Treatment of Rhesus monkeys with pure progesterone for three weeks produced enhanced plasma insulin responses to intravenous glucose without altering glucose tolerance, and mild, but significant peripheral resistance to the hypoglycemic action of exogenous insulin. Several synthetic progestins currently employed in oral contraceptive agents also increased the plasma insulin responses to glucose. These changes were in marked contrast to the effect of acute administration of hydrocortisone, where there was a marked deterioration of glucose tolerance without any significant alteration in the plasma insulin response to glucose. From the data presented it appears that glucose tolerance remains normal following progesterone treatment because of a marked compensatory enhancement of the initial rate of release of insulin into the peripheral circulation following glucose stimulation. The mechanisms by which progestins produce these changes and the relative importance of progesterone in normal human pregnancy remains to be determined. Nevertheless, these data suggest that pure progesterone, like human placental lactogen, may be a diabetogenic factor in pregnancy and indicate that some, but not all, of the synthetic progestins may contribute to the changes in glucose and insulin metabolism observed in women taking oral contraceptive agents.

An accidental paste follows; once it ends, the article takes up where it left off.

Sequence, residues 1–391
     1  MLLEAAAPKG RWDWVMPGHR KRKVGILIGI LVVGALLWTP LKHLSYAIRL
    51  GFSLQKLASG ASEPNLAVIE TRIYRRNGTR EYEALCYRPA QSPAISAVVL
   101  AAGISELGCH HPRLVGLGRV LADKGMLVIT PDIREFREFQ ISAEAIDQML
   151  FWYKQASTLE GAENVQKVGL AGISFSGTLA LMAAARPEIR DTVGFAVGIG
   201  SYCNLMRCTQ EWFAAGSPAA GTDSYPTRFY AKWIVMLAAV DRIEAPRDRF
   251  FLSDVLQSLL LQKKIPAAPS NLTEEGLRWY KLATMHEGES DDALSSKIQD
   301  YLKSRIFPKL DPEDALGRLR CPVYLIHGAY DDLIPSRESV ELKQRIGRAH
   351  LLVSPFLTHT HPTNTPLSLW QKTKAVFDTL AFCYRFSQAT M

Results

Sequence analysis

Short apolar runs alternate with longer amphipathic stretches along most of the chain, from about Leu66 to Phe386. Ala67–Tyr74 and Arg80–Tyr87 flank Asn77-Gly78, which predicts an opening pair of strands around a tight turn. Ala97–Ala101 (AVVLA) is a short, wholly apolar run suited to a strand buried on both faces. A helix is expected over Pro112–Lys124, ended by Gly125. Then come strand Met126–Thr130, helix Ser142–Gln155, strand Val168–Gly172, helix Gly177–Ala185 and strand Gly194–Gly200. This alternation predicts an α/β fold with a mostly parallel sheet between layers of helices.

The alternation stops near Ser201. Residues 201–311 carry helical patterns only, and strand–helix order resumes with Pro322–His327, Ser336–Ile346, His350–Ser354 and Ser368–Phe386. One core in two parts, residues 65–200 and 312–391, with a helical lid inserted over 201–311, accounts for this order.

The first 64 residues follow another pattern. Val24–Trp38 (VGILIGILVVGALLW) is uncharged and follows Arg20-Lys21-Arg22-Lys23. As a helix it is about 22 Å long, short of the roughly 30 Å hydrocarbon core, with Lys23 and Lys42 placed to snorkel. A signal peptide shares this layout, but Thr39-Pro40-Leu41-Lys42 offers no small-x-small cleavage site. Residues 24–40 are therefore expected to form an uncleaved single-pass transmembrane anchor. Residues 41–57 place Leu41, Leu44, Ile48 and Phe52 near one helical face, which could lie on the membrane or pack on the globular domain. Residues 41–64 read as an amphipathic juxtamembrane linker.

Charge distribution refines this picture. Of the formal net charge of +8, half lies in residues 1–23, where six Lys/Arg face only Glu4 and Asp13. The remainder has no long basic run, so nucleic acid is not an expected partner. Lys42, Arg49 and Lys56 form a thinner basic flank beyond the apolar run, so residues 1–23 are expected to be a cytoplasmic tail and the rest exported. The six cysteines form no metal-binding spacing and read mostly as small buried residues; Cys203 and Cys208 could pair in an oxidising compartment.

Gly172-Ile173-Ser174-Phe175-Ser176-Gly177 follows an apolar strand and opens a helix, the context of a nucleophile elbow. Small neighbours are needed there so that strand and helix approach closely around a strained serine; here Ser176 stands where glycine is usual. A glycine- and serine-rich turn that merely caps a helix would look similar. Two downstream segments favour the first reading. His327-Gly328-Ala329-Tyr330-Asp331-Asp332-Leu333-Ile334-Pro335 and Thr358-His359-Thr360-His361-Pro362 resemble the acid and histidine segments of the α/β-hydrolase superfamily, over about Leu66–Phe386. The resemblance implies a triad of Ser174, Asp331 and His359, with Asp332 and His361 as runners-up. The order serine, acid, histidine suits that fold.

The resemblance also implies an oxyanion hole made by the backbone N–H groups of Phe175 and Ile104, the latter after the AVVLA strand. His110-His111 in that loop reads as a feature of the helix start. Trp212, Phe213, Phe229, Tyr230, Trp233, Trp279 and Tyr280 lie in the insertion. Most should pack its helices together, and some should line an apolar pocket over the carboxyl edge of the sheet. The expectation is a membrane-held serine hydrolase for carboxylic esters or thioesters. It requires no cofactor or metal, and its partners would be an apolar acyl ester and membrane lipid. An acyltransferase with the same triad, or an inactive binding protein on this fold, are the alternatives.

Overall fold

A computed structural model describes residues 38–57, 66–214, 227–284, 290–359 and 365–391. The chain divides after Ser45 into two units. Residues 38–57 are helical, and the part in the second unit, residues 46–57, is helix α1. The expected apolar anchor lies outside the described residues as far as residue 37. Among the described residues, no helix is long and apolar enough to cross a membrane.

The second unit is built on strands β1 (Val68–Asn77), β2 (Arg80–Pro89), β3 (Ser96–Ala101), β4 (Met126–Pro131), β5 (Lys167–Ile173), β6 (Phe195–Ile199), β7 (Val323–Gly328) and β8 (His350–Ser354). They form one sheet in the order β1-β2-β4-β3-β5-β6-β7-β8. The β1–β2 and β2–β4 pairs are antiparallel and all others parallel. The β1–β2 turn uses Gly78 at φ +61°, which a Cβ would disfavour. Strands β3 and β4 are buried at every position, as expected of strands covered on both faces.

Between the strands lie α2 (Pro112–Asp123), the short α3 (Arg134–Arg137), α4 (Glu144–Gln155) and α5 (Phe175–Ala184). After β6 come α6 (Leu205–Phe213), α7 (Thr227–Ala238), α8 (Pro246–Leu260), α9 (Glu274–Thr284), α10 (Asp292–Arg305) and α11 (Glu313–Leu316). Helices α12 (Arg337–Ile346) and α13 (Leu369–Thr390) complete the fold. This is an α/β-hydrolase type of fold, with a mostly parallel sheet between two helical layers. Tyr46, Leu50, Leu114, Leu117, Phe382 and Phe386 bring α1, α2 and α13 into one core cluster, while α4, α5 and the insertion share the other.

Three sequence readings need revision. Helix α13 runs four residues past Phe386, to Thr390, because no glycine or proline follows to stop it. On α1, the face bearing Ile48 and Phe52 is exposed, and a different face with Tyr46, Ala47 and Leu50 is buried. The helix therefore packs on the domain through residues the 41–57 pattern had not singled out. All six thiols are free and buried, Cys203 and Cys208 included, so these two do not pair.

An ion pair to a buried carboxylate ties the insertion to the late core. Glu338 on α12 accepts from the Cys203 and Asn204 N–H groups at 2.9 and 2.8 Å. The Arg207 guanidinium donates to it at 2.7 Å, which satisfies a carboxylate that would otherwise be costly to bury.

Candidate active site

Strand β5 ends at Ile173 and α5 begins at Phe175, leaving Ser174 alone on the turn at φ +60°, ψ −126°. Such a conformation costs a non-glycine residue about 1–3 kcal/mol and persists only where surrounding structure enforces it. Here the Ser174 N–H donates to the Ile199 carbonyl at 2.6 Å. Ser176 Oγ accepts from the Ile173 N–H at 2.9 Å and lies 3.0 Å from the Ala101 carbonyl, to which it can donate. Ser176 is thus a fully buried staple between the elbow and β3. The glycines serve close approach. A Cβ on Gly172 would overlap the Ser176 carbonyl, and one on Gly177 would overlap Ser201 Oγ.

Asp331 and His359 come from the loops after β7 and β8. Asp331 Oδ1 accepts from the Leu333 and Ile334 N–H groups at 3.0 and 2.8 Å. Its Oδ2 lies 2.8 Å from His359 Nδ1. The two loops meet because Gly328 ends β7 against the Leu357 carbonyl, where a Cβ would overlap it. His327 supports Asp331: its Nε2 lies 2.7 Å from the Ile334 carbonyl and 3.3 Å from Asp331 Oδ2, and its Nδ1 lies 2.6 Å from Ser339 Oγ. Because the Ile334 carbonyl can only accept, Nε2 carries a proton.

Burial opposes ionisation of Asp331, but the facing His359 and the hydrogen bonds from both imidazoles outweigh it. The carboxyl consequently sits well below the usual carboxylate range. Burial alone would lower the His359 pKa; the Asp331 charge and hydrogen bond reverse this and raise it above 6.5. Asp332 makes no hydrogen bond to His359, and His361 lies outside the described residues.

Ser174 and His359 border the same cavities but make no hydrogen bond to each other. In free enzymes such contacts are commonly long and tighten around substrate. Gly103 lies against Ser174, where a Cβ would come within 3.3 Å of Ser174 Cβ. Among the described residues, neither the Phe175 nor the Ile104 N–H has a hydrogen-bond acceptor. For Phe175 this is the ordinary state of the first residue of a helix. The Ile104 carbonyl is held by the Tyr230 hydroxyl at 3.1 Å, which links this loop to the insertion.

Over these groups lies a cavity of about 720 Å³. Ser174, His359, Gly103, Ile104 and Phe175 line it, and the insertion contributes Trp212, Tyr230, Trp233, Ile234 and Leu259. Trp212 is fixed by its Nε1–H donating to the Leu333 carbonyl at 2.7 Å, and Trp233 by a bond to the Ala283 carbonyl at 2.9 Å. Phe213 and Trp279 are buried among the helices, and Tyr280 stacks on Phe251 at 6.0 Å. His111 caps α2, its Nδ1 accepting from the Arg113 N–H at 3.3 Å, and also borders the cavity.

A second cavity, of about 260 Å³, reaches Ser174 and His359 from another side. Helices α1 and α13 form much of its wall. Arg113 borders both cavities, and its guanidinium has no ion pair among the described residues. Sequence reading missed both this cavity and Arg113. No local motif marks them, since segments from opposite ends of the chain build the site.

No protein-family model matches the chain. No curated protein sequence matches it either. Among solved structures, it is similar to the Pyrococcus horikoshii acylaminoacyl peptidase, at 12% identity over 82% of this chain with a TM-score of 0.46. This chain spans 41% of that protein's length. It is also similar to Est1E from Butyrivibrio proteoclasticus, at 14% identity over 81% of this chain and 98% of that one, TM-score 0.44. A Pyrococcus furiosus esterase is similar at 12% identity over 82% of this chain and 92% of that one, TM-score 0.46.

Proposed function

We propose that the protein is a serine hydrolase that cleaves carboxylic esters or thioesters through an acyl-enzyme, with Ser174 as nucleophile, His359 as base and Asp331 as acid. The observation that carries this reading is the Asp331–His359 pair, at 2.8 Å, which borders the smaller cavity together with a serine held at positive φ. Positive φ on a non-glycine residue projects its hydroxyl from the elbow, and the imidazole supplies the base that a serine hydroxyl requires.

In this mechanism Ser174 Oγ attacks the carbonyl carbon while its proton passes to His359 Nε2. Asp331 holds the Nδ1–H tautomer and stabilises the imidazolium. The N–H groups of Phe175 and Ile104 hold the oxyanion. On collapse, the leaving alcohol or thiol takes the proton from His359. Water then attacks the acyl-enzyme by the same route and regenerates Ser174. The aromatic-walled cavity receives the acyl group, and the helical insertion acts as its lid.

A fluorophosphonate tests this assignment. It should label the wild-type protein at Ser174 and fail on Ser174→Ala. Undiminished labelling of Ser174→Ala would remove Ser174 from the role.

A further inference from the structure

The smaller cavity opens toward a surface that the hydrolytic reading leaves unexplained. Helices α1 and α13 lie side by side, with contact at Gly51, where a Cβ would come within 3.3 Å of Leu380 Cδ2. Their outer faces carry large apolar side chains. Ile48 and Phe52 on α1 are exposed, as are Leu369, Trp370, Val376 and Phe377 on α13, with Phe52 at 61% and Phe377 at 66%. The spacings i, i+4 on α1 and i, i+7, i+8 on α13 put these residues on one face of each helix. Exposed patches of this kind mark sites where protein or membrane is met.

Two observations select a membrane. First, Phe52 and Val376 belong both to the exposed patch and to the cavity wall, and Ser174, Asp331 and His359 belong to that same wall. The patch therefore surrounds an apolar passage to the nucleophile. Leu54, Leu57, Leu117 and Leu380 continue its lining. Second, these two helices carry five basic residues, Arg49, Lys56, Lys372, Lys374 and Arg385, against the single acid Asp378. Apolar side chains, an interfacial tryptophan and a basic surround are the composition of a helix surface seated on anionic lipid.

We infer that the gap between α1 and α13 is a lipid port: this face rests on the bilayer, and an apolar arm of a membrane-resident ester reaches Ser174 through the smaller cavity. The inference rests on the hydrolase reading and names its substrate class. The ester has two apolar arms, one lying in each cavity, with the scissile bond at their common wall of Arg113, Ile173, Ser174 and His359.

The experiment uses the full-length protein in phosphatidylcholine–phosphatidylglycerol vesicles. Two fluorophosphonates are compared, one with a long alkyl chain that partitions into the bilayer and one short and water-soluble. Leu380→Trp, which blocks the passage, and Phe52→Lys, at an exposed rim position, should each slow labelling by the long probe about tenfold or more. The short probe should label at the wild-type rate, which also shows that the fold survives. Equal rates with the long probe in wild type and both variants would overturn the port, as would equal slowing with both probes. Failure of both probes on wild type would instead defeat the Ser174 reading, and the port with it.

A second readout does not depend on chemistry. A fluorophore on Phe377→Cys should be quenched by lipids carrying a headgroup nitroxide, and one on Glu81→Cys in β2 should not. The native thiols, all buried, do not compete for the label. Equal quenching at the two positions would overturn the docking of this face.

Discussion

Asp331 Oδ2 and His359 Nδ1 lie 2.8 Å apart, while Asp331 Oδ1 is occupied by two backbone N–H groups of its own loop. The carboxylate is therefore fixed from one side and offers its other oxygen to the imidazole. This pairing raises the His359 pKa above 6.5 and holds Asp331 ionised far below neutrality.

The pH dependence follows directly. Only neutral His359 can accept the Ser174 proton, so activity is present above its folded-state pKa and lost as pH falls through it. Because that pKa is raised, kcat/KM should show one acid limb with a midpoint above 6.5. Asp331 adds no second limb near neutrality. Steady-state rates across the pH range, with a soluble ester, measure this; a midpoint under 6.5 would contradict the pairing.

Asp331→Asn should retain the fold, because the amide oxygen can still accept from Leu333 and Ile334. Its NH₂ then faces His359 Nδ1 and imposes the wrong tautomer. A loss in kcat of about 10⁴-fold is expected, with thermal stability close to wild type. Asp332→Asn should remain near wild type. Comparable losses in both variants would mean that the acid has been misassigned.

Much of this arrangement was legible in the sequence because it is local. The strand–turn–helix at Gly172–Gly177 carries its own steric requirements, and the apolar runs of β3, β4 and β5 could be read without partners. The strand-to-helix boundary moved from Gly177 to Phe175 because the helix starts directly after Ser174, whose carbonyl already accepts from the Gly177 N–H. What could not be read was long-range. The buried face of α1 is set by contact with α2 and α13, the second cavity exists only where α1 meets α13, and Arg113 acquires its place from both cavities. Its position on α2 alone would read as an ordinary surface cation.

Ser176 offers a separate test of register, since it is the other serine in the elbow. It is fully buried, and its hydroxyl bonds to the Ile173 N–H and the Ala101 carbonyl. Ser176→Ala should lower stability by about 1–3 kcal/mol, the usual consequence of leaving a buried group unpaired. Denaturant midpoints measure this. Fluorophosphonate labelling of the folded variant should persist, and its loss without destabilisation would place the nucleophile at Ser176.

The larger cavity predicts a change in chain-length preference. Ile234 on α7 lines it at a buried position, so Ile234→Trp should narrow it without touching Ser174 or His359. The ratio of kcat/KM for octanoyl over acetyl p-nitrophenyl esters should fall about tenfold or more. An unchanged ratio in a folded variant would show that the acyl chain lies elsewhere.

This content is only available via PDF.